In an organization, some of the important elements of a process aren’t measurable enough. They may be hiding under the ground. So, to unravel these processes, a practice called the Gemba walk was conceived. Gemba, in Japanese, means “the real place.”
In lean manufacturing, it takes place on the shop floor, which one could consider the heart of the company, where many of the central functions take place.
A Gemba walk is a great tool to discern the non-measurable elements, which are causing critical harm to the business. This tool ensures a strong observation of processes that work and the ones that don’t. This way certain processes can’t be overlooked by management. In fact, the concept of this walk is to do a pertinent analysis of the shop floor and take necessary measures to enhance the processes.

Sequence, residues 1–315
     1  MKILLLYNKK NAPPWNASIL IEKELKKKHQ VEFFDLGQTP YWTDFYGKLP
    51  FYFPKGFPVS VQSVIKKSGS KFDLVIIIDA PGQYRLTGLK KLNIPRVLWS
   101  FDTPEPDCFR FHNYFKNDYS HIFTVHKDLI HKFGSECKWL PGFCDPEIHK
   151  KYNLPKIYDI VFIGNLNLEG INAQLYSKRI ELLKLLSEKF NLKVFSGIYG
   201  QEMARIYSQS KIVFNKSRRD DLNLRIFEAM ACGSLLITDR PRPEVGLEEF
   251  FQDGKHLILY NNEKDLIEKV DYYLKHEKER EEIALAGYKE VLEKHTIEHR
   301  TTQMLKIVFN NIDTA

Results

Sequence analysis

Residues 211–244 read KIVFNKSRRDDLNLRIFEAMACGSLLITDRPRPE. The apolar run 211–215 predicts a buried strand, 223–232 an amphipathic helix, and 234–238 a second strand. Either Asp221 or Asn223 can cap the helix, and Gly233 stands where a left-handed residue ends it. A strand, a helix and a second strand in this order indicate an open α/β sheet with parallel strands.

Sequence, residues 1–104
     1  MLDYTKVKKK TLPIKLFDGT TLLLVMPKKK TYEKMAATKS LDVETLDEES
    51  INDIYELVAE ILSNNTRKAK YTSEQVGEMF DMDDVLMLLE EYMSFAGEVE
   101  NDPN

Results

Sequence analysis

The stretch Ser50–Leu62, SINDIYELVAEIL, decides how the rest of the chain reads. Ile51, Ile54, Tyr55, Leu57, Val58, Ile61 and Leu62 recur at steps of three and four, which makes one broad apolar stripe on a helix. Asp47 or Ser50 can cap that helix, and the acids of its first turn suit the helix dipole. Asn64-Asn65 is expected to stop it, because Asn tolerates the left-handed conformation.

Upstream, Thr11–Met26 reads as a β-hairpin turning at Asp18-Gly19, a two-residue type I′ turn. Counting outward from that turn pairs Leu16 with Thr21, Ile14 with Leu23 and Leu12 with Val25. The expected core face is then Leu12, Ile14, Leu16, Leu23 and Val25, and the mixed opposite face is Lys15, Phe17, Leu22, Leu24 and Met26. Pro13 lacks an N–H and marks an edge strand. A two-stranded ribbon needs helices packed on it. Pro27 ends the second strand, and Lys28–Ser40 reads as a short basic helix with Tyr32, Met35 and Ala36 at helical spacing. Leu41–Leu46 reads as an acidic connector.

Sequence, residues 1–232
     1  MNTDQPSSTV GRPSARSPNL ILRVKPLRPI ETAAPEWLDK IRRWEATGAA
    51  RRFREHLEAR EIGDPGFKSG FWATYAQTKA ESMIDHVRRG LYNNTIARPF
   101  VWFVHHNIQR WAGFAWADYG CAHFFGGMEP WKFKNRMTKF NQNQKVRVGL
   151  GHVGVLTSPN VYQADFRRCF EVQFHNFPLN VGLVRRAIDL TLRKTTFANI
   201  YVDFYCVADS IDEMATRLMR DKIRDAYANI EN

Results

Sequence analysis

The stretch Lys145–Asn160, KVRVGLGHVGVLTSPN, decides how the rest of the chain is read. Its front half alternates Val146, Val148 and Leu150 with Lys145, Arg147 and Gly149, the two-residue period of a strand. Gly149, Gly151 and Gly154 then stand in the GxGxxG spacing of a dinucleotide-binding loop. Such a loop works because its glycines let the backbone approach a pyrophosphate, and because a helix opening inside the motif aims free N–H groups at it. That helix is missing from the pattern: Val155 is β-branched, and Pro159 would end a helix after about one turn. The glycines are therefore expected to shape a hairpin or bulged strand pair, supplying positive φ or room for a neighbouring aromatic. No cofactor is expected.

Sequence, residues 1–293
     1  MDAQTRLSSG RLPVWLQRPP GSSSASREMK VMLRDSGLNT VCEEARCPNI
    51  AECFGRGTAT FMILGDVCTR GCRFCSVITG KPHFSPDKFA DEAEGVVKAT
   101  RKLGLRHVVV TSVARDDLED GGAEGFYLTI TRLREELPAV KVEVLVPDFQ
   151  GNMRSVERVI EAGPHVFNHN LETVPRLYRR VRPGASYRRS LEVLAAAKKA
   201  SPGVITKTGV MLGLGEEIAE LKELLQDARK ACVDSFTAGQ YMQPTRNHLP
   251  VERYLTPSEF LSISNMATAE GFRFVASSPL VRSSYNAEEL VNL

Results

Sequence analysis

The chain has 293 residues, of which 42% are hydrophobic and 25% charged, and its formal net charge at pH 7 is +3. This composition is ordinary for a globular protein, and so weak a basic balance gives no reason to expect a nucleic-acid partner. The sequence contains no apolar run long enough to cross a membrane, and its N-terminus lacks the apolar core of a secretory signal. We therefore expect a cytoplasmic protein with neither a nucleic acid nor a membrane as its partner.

How to Perform a Gemba Walk?
To efficiently practice this walk, leaders and managers always let continuous improvement have a hold over the processes. Other than that, the employees at an authority level, such as team leaders, managers, and supervisors, usually perform this walk. How does it work? How do you perform an extremely efficient Gemba walk? We give you a few tips to carry out a productive Gemba walk:
- Before starting a Gemba walk, having a discussion with other leaders to set perspective on the business situation will help in prioritizing the achievable outcomes.
- During the walk, have a thorough analysis of Gemba, look for anomalies, and see if employees’ goals align with the company’s motto or purpose.
- Understand the real purpose of the employment of this walk, which is to bring the key issues to light.
- The frequency of this walk is the decision of a manager or a leader depending on the situation.
To keep consistent improvement, it becomes necessary for companies to keep practicing the Gemba walk. The many advantages of a Gemba walk involve process enhancement, consistent goal alignment, reduced cost of quality and increased employee productivity.